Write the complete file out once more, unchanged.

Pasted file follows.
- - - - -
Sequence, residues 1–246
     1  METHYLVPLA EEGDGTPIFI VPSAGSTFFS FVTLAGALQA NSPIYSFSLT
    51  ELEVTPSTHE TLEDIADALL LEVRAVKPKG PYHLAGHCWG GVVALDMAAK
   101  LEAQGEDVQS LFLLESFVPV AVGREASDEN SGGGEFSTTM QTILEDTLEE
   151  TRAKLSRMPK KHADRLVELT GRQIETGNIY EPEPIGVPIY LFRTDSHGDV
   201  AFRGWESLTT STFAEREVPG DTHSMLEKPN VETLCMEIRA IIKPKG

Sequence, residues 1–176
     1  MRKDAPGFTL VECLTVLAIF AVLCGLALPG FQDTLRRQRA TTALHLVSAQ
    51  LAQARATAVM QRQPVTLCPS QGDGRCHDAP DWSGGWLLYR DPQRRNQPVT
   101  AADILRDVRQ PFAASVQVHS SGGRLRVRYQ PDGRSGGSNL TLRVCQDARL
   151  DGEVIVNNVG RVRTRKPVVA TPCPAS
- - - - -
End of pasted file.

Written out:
Sequence, residues 1–246
     1  METHYLVPLA EEGDGTPIFI VPSAGSTFFS FVTLAGALQA NSPIYSFSLT
    51  ELEVTPSTHE TLEDIADALL LEVRAVKPKG PYHLAGHCWG GVVALDMAAK
   101  LEAQGEDVQS LFLLESFVPV AVGREASDEN SGGGEFSTTM QTILEDTLEE
   151  TRAKLSRMPK KHADRLVELT GRQIETGNIY EPEPIGVPIY LFRTDSHGDV
   201  AFRGWESLTT STFAEREVPG DTHSMLEKPN VETLCMEIRA IIKPKG

Sequence, residues 1–176
     1  MRKDAPGFTL VECLTVLAIF AVLCGLALPG FQDTLRRQRA TTALHLVSAQ
    51  LAQARATAVM QRQPVTLCPS QGDGRCHDAP DWSGGWLLYR DPQRRNQPVT
   101  AADILRDVRQ PFAASVQVHS SGGRLRVRYQ PDGRSGGSNL TLRVCQDARL
   151  DGEVIVNNVG RVRTRKPVVA TPCPAS